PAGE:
Play Expo 2012: re.play
Play Expo originally began as re.play – a retro gaming roadshow. Over the past two years, the organisers Replay Events had delivered their annual Replay Expo to over 7,000 gamers, including a presence at Eurogamer Expo.
This first Play Expo event sees them venture out into the latest technology and competitive gaming (I refuse to call it ‘e-sports’) this year and they made sure that the re.play event continued to have a large presence.
The retro section covered nearly half of the expo floor. It was a dominating force, in a good way.
Whilst queuing up in the morning I began chatting with an older gentleman. He’d previously visited the expo in its younger years and had rekindled his love for pinball gaming. So much so, that he’d gone and bought several pinball machines as part of his personal collection and taken part in Northern championships. When asked where he’d stored them he replied with a wry smile, ‘in the living room’. Clearly he has a very patient and understanding wife.
Inside the expo this level of enthusiasm and love for gaming past continued. There was a Mario Kart tournament on the SNES, an original Crazy Taxi arcade machine, plenty of other cabinets with a range of fighting games and shumps, and then rows of individual systems, from C64s to a Neo Geo and everything in-between.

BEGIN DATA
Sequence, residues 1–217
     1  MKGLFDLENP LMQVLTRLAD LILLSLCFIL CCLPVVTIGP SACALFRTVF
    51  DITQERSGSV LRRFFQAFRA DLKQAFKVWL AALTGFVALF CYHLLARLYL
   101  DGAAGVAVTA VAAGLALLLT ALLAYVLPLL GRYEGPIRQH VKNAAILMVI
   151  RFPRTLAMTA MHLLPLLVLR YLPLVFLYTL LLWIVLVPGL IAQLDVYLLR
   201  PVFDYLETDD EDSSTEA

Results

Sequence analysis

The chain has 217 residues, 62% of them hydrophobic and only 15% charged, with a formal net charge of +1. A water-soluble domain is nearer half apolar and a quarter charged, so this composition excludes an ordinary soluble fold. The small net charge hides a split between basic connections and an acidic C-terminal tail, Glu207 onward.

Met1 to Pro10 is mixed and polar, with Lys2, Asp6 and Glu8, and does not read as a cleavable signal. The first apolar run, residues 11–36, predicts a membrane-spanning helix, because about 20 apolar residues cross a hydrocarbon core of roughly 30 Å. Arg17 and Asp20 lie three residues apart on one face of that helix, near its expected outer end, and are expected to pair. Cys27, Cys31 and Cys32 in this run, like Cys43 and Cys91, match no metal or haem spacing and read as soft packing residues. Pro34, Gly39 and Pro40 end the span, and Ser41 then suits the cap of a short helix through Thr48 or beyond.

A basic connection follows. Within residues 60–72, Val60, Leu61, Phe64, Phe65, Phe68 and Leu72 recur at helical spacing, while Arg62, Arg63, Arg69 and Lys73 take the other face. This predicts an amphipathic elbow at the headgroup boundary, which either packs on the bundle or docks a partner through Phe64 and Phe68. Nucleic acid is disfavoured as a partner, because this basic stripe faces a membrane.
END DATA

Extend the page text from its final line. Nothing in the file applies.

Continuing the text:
As I strolled around taking in flashes of old titles it became an interactive photo album of my younger years. I spotted two guys booting something up on the Amiga. The loading credits and font looked familiar but I couldn’t put my finger on what it was. Then the logo appeared with the prehistoric rock band displayed below: it was Chuck Rock.
This was the most comprehensive retro setup I’d seen. It appeared that many attendees had solely gone for this collection, with the option to try out upcoming games once the queues died down. The atmosphere was welcoming and the quantity of systems meant there was always a space somewhere to sit down and play.
There were also stalls with a abundant back catalogue of retro goods at realistic prices, selling original PC Engine’s, Commodore 64’s, Jaguar’s and more. Shelves of Japanese PC Engine titles were displayed across from well kept NES and Master System games. If I’d brought some extra cash this could have become a little dangerous.
Within the re.play area of Play Expo 2012 was a dedicated Homebrew section. This was a space dedicated to brand new development on old systems. Usually an idea ran to its natural conclusion by a handful of people if not a team of one, the homebrew community continues to live and breathe. This area was lead by two sponsors: RGCD and Oldschool Gaming.
Oldschool Gaming I was told had showcased a working Twitter app for the Sinclair the previous year. For 2012 they’d be using a custom built Ethernet cable and port that would enable competitive gaming across multiple Sinclairs. They’d also set up some older systems for anyone to come over and play. Unfortunately I was unable to witness this due to time constraints.
RGCD dedicated their space to the Commodore 64 and brand new titles, of which I’ll be discussing in more detail soon.
The re.play section was an absolute victory and a must for those out there who understand the importance of videogame history and wish to dive back into it. Here you don’t talk about history – you get to play it.